10 Minutes in Detroit

An information visualisation built using the Human Ecosystems will be featured at the Gallery Project, in Detroit, for the Unseen exhibit.

10 Minutes in Detroit captures all the social networking activity in the city of Detroit on June 30th 2014 and visualises it in a series of different ways, using the Human Ecosystems ( http://human-ecosystems.com/home/ ).

The exhibit will be in Detroit from August 1st to August 31st, 2014 (Eastern Market, 1550 Winder, across from Red Bull House of Art, Detroit, MI) and in Ann Arbor from September 12th to October 12th, 2014 (Ann Arbor Art Center, Ann Arbor, MI).

Unseen is curated by Rocco DePietro and Gloria Pritschet

The quest to see lies at the heart of human urgency. To breach the barrier between the visible and the invisible is compelling, emotional, informative and even magical. This process of discovery has always driven thinkers and image makers: artists, scientists and philosophers, from astronomers to nanotechnologists, from documentarians and data analysts to planners and prognosticators. As the unseen becomes seeable and seen, a pivot occurs, revealing and demanding irreversible change. No one who has seen is ever the same.

The invisible may be unseen for many reasons. It may be purposely covert for socio-political or military reasons, or to hide corruption or actions contrary to the public good. It may be inadvertently unseen because of the limits of technology or its applications, or the limits of human perception or comprehension. It may be willfully unseen from lack of curiosity, imagination, salience, awareness, or limitations of perceptual processes.

Many contemporary artists and scientists are dedicated to expressing the unseen and to making the invisible visible. They may be motivated to advance their disciplines, or may be fascinated by the prospect of discovery, or the challenge and adventure of harnessing emerging technologies to express ideas. They may believe it is important to uncover secrets, to disclose purposely hidden information, some of which strikes at the heart of democracy, personal privacy, individual well-being, individual freedom, the public’s right to know, and the health and survival of planet Earth. They may seek to awaken consciousness to initiate conversation about outcomes, implications and possibilities.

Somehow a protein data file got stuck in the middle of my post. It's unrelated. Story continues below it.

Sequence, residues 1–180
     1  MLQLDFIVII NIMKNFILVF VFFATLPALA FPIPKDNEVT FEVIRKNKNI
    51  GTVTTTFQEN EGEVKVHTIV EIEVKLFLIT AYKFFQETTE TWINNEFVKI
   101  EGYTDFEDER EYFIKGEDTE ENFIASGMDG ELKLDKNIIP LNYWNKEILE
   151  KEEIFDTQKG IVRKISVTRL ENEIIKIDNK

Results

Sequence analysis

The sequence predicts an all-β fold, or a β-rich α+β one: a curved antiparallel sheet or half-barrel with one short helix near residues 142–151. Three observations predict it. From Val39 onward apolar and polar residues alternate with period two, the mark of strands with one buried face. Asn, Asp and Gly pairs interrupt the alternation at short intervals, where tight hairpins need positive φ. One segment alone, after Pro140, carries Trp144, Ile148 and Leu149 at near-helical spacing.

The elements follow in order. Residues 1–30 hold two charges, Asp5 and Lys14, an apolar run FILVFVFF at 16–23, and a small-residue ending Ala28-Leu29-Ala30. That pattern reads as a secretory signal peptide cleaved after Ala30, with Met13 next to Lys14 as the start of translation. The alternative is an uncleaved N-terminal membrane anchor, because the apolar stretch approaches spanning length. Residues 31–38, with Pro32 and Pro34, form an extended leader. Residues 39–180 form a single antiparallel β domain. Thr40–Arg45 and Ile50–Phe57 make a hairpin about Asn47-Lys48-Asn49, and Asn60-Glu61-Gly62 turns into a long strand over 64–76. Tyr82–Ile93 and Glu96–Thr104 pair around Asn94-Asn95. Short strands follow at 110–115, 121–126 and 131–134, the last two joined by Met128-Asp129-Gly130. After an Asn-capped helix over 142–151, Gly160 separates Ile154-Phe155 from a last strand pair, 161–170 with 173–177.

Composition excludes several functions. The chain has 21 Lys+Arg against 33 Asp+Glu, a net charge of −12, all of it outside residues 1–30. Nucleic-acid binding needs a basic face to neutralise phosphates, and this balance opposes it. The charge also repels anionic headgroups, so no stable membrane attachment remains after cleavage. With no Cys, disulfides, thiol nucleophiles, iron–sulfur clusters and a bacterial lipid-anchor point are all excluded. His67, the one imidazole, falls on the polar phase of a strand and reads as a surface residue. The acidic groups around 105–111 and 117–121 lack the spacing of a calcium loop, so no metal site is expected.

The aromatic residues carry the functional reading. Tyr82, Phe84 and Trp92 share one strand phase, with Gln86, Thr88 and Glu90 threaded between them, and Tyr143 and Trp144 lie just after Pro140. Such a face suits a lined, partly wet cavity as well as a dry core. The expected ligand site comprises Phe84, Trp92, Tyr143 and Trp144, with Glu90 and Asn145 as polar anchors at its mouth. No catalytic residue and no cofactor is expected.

This exhibition invites the participants to visualize and express the unseen, and to comment on the impacts of the transformed vista.

In Unseen, participants’ work may express a range of conceptual dimensions. For example, they may be disclosing the purposely hidden or the inadvertently unseen. They may seek out significant and impactful information or simply delight in the creative, visually beautiful or surprising. Participants’ work may also express a range of thresholds of visibility. For example, they may be exploring micro, meso or macro levels of invisibility, from microbial and sub-atomic worlds to social, global and universal phenomena. Several examples follow:

The Hubble and Kepler telescopes are discovering evidence of earthlike and superhabitable planets, whose conditions for sustain carbon-based life surpass those of earth. However much of space is unseen by us, for intentional covert reasons or because we lack the means to perceive it.

In his book Dark Skies, Trevor Paglen, uses time-lapse photography with super sensitive equipment to capture images of military spy satellites streaking across the night sky. Photographed over a landscape reminiscent of Ansel Adams, the images are chilling reminder of what’s up there unseen.

Remote sensors and sonar probe deep within the earth and below the ocean floor in places like the arctic (where over 90% of Russia’s natural gas is located) mapping caches of gold, uranium, and rare earth minerals. Private corporations often own the proprietary maps. These same technologies offer crucial information to science, for example, in marine and desert archeology and research.